As a 35-year veteran of the U.S. Foreign Service, Ambassador Thomas-Greenfield is a distinguished, respected diplomat who has served on four continents. Raised in segregated Louisiana, she follows in a tradition of barrier-breaking African-American diplomats who have dedicated their lives to public service, and brings critical perspective to a role that is more important—and more necessary—than ever before. As UN Ambassador, Linda will renew our relationships with our friends and allies, help revitalize our diplomatic corps and restore America’s reputation on the world stage.

Jake Sullivan as National Security Advisor
Jake was my National Security Advisor during my Vice Presidency, and a top advisor on domestic and foreign policy throughout my campaign, including on our strategy for controlling the pandemic. No one has a deeper understanding of the overlapping challenges we face, and how to protect our national security and advance a foreign policy that delivers for the middle class. He will be one of the youngest National Security Advisors in history, and his once-in-a-generation intellect and poise under pressure makes him the ideal choice for one of the toughest jobs in the world.

Secretary John Kerry as Special Presidential Envoy for Climate
Secretary Kerry needs no introduction. From signing the Paris Agreement on behalf of the United States as Secretary of State, to forming a bipartisan climate action coalition alongside the next generation of climate activists, his efforts to rally the world to combat climate change have been expansive and relentless. Now, I’ve asked him to return to government to get America back on track to address one of the most urgent national security threats we face—the climate crisis. This role is the first of its kind: the first cabinet-level climate position, and the first time climate change has had a seat at the table on the National Security Council. There could be no one better suited to meet this moment.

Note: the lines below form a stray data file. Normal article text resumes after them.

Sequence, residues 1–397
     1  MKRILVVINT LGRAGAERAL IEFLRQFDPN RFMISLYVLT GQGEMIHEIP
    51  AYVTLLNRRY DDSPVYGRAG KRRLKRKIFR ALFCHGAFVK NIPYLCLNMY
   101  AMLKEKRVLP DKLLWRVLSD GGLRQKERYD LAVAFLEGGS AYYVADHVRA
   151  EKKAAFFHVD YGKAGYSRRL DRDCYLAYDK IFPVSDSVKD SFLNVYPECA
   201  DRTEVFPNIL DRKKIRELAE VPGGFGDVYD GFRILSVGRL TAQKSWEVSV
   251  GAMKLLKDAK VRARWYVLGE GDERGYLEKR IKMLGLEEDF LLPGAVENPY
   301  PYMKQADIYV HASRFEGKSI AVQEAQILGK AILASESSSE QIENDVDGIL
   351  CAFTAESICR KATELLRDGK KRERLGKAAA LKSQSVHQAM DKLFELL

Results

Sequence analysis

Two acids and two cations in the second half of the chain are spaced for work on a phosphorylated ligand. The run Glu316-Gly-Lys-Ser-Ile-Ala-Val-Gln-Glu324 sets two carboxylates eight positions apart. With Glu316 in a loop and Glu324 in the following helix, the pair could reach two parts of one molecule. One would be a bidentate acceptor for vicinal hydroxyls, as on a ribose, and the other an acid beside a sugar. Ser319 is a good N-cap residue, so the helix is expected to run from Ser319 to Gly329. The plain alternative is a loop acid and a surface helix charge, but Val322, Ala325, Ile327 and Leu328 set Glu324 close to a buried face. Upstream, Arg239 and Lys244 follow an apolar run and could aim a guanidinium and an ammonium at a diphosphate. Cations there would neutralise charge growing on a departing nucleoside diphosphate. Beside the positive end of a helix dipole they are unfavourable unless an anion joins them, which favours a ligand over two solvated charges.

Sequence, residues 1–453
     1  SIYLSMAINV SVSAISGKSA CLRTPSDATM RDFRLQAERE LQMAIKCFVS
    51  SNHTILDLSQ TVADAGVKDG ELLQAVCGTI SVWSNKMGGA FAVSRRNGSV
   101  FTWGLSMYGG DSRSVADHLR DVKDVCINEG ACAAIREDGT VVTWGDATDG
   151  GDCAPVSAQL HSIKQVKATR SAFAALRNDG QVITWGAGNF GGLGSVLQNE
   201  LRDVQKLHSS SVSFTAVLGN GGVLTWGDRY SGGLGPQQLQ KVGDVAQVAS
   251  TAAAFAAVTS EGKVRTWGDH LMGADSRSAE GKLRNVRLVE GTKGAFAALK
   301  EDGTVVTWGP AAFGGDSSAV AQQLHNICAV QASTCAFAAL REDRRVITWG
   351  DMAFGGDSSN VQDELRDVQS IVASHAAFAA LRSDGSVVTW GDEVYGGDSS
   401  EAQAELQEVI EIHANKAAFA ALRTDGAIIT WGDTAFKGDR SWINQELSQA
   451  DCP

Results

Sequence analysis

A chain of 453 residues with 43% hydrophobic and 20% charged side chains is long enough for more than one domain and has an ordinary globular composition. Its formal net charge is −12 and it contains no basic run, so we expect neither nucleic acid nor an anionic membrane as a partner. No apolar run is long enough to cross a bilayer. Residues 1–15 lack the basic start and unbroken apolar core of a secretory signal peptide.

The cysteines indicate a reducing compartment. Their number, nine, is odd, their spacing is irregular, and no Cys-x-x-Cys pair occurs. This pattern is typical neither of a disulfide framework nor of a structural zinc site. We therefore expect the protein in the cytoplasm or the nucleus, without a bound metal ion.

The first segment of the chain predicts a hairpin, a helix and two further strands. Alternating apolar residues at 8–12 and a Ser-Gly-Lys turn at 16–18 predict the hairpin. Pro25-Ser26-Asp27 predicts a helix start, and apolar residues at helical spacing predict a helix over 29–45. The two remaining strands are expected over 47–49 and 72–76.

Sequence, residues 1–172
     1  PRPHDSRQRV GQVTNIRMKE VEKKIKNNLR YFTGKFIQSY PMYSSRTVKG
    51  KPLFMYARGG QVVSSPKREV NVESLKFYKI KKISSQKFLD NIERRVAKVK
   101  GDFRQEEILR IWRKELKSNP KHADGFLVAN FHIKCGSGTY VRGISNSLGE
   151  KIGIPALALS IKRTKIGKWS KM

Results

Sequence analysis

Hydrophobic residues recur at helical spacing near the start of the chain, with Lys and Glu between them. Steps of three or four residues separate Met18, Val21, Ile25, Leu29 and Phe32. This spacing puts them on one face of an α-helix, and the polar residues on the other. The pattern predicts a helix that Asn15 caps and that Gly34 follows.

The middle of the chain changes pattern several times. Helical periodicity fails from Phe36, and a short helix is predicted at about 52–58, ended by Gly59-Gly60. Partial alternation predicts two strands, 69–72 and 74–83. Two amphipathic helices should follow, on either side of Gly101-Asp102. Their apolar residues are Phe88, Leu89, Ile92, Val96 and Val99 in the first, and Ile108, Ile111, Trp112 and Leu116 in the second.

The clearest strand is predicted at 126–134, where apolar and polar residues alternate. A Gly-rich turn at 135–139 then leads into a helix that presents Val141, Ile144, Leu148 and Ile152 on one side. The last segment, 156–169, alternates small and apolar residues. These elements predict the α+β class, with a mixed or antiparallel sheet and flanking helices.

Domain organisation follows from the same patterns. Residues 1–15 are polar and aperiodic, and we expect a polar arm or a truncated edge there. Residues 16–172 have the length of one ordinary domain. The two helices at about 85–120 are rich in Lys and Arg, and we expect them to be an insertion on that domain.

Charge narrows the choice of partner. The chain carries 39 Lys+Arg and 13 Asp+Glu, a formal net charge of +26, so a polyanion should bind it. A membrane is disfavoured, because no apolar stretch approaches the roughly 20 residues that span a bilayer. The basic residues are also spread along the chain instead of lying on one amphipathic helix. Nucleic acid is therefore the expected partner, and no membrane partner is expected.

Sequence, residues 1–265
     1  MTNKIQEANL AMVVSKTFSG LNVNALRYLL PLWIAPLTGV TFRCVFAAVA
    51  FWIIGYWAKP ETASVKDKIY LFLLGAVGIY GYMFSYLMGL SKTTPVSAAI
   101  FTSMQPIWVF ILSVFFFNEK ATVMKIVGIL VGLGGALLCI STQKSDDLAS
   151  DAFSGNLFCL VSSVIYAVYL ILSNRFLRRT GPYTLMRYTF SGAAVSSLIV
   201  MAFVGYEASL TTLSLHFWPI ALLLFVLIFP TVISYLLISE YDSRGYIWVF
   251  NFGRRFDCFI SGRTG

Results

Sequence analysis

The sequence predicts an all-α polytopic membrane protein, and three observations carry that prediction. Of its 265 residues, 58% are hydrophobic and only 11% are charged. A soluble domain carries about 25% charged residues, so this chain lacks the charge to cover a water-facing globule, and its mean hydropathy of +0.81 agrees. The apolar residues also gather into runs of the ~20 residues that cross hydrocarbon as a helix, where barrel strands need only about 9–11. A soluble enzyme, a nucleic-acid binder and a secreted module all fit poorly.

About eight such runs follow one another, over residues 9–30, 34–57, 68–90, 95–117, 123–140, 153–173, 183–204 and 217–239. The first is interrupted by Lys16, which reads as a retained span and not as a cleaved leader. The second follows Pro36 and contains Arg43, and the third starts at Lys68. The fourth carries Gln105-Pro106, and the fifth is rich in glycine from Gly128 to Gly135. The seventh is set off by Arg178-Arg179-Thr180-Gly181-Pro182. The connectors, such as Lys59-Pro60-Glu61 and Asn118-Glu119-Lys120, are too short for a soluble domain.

This team will be ready to take on our nation’s greatest challenges on day one, which is important because there is no time to waste when it comes to our national security. In adding these great Americans to my team, I hope my message is loud and clear: America is back. And America is ready to lead.

Thanks for all you do,

Joe Biden


  1. Nice to see cabinet appointments based on qualifications and experience. One gets the sense that there is now an adult in charge.

  2. Oh good, more Obama-era foreign policy.

    I do miss the days of the unchallenged Russian conquest of Crimea, aimless military misadventures in Syria, multiple unchecked North Korean nuclear tests, a short-sighted destabilization of Libya (now enjoying public slave auctions), delivering pallets of cash to Iran in exchange for maybe kinda toning down the state sponsored terrorism, and complete permissiveness towards an adversarial China.

    Being credentialed is not the same as being competent

    1. Oh good, more Obama-era foreign policy.

      Policy made by people you can have a reasoned debate with? That will not threaten to lock you up if you disagree? That will contradict their boss if necessary?

      The horror!

    2. You'd prefer another four years of self-serving incompetence?

    3. Where is the supposed competence of these people coming from? Their legacy is failure.